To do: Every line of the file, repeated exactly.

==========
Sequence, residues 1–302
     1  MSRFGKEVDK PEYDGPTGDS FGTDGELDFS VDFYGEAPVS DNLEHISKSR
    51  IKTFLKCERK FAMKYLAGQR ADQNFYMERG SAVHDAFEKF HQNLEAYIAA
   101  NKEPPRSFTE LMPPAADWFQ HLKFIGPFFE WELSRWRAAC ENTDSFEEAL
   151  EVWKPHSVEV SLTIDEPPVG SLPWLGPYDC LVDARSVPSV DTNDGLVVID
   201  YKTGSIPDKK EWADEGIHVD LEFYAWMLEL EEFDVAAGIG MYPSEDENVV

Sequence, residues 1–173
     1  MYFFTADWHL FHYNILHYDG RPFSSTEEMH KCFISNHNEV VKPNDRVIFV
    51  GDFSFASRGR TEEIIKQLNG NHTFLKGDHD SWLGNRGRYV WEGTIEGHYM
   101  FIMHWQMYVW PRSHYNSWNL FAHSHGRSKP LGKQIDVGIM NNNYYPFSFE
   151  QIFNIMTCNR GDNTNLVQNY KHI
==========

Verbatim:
Sequence, residues 1–302
     1  MSRFGKEVDK PEYDGPTGDS FGTDGELDFS VDFYGEAPVS DNLEHISKSR
    51  IKTFLKCERK FAMKYLAGQR ADQNFYMERG SAVHDAFEKF HQNLEAYIAA
   101  NKEPPRSFTE LMPPAADWFQ HLKFIGPFFE WELSRWRAAC ENTDSFEEAL
   151  EVWKPHSVEV SLTIDEPPVG SLPWLGPYDC LVDARSVPSV DTNDGLVVID
   201  YKTGSIPDKK EWADEGIHVD LEFYAWMLEL EEFDVAAGIG MYPSEDENVV

Sequence, residues 1–173
     1  MYFFTADWHL FHYNILHYDG RPFSSTEEMH KCFISNHNEV VKPNDRVIFV
    51  GDFSFASRGR TEEIIKQLNG NHTFLKGDHD SWLGNRGRYV WEGTIEGHYM
   101  FIMHWQMYVW PRSHYNSWNL FAHSHGRSKP LGKQIDVGIM NNNYYPFSFE
   151  QIFNIMTCNR GDNTNLVQNY KHI